archae-cuisine – lesson at dinner in the cloister
On 28 July 2017, at 8:00 p.m., at OCRA Montalcino, on the occasion of the SPdA Summer School The Profession of Architect on Friday, Marta Coccoluto and Denise Bresciani present a performance dinner to guide our guests in the exploration of food connected with the migration of cultures from yesterday and today with the aim of letting them meet and combine.
Archae-cuisine lesson in the Cloister of Saint Augustin by Marta Coccoluto and Denise Bresciani
OCRA Officina Creativa dell’Abitare
Saint Augustin Complex – Via Boldrini 4, Montalcino (SI)
Friday, 28 July 2017, at 8:00 p.m.
The performance dinner guides guests in the exploration of food connected with the migration of cultures from yesterday and today with the aim of letting them meet and combine. A path will be set up in the cloister of Saint Augustin that our guests can walk to actively take part in culinary rituals focused on the act of eating from a new perspective, namely the need for and the richness of cultural exchange in our times. An experience of high cultural value that our guests can live and share for individual and collective growth.
In ancient times, the purpose of consuming food was not only to satisfy the physiological need for nourishment: the act of eating, as well as the act of drinking, had a much broader meaning linked not only with the food tradition of a people and its progressive acculturation through the introduction of new foods, but also with the connection with the divine, with the observance of the mos maiorum, i.e. the ancestral customs, with social roles, as well as with the definition and the preservation of its own culture when coming in contact with other peoples.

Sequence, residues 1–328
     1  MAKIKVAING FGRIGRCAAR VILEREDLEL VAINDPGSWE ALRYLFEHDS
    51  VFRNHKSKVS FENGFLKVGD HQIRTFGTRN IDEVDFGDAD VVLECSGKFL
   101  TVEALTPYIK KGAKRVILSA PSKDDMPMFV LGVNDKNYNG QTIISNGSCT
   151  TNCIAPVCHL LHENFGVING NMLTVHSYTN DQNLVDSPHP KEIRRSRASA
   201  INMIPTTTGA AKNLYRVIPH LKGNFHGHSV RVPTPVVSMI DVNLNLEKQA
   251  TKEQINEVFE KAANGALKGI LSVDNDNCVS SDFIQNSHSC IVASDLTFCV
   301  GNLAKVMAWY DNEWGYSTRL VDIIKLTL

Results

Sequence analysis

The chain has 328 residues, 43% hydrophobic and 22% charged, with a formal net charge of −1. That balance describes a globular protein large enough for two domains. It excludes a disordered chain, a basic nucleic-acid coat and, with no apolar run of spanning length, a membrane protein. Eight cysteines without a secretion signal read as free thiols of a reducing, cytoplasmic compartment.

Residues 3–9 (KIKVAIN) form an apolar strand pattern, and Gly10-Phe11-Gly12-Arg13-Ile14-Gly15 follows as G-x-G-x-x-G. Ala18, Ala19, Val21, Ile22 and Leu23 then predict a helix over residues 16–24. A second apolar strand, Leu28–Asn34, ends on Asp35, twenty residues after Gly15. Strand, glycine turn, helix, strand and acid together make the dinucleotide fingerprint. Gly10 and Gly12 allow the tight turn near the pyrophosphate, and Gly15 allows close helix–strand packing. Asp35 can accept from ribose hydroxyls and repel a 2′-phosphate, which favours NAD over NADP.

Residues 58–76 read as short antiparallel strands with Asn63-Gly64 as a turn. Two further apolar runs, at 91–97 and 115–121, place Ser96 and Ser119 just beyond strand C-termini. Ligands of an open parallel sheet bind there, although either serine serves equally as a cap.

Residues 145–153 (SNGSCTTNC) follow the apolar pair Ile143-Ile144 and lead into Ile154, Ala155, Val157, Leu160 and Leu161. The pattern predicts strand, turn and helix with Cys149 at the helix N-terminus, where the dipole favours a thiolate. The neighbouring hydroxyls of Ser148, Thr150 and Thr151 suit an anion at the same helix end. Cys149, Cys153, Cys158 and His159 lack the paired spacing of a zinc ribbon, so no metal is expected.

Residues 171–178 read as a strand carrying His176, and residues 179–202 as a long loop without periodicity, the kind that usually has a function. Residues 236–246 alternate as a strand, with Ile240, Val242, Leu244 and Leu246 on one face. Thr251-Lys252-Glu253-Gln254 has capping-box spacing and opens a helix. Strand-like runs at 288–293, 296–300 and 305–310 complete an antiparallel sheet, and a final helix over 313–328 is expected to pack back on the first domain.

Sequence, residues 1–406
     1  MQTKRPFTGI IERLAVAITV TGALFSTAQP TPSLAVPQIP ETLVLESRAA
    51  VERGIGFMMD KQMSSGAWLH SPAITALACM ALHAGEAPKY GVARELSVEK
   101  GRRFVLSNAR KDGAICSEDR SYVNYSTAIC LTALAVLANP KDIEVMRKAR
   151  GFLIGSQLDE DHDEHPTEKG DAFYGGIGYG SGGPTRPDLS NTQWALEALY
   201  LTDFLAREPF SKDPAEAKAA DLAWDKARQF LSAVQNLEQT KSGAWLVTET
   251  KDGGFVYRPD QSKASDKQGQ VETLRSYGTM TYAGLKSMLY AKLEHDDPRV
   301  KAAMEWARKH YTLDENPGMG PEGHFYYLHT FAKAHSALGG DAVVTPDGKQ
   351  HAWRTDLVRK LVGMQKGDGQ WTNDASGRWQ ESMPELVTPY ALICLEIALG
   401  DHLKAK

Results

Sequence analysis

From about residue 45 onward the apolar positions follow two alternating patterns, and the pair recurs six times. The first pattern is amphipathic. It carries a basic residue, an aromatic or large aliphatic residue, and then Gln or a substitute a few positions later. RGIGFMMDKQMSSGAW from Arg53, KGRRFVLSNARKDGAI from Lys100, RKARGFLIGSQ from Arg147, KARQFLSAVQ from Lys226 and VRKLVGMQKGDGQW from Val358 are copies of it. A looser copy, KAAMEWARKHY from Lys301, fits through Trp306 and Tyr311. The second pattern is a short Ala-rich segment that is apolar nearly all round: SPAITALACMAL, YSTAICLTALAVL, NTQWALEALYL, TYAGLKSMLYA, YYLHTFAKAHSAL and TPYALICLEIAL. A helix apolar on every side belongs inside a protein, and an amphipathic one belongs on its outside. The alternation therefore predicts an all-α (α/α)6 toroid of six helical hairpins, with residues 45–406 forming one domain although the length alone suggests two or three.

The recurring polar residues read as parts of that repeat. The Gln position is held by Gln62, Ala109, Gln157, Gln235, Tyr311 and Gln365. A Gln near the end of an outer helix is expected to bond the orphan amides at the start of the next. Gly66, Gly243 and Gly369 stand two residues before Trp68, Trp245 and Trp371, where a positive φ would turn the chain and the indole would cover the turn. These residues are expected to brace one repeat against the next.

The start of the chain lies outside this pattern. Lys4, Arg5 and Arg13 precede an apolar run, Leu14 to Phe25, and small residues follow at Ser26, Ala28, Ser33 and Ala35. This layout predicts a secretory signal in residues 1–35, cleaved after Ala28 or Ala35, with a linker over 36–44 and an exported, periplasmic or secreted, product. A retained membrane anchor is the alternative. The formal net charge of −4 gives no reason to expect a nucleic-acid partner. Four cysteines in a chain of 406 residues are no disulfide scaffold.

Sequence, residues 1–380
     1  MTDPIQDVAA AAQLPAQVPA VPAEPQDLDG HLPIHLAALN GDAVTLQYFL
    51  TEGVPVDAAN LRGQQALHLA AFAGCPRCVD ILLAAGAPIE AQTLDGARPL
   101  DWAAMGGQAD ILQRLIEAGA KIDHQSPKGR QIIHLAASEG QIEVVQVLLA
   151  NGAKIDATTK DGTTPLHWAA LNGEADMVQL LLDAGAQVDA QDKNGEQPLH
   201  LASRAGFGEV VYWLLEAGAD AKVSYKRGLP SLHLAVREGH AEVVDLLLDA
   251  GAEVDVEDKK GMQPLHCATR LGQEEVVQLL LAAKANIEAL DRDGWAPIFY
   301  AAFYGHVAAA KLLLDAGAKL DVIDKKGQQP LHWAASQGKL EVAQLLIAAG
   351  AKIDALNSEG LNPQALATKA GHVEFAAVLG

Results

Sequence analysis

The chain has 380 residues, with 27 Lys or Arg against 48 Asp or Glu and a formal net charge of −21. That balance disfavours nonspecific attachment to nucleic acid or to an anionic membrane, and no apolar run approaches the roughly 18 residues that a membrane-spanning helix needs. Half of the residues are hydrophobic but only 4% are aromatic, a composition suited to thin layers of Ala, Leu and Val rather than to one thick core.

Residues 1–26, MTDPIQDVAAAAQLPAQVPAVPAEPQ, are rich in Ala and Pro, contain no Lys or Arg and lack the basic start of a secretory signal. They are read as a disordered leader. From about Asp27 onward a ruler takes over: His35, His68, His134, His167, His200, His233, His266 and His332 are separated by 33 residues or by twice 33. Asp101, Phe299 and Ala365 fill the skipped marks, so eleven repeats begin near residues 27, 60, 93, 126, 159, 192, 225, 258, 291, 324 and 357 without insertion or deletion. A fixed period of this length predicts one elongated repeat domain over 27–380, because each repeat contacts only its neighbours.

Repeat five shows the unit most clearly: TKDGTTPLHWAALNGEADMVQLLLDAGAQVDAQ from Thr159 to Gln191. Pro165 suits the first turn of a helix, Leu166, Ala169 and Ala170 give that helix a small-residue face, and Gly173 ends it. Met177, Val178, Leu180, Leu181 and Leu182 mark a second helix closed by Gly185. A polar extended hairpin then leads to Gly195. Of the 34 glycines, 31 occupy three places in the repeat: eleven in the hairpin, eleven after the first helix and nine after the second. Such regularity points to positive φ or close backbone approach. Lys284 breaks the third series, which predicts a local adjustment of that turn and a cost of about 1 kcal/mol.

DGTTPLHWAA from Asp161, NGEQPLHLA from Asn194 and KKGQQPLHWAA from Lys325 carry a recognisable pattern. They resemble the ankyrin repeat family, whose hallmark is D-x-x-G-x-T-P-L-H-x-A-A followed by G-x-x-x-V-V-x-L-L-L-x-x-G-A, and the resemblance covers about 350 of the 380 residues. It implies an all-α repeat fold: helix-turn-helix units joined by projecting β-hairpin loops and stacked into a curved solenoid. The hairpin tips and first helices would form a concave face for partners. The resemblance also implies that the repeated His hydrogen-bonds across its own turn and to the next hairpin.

According to Pliny, for example, salt was necessary for existence, because knowledge and the use of salt distinguished civilized peoples, who knew how to live a fully human life, from uncultured savage barbarians, whose only aim was to appease hunger, without caring for taste or pleasure. The consumption of wine causes loss of inhibitions, which was considered a way to connect to the sacred, a way to come in contact with Dionysus, the god of drunkenness and drinking, the god of enthusiastic excitement, which is why women were strictly prohibited from drinking wine and could even be sentenced to death if they did, while soldiers used to enjoy and drink plenty of low-quality wine, and the rich, who, among others, preferred Falerno and Massico wine, considered it a must-have.
The Roman armies that conquered the Mediterranean were keen to maintain their eating habits both while on the march and in their encampments, so much so that they had livestock with them, and they introduced their food culture to the conquered lands. However, the Romans soon started combining their own food with typical local foods and specialties, which they then spread extensively with almost incredible efficiency. For example, Roman officers camped on Hadrian’s Wall could easily have oysters, while Mediterranean mackerels were available in the impregnable fortress of Masada.
(Marta Coccoluto and Denise Bresciani)
Only SPdA members may attend the event | Participation fee € 25.00
(annual membership card € 10.00)
Bookings until 26 July 2017
Phone 0577 847065 | firstname.lastname@example.org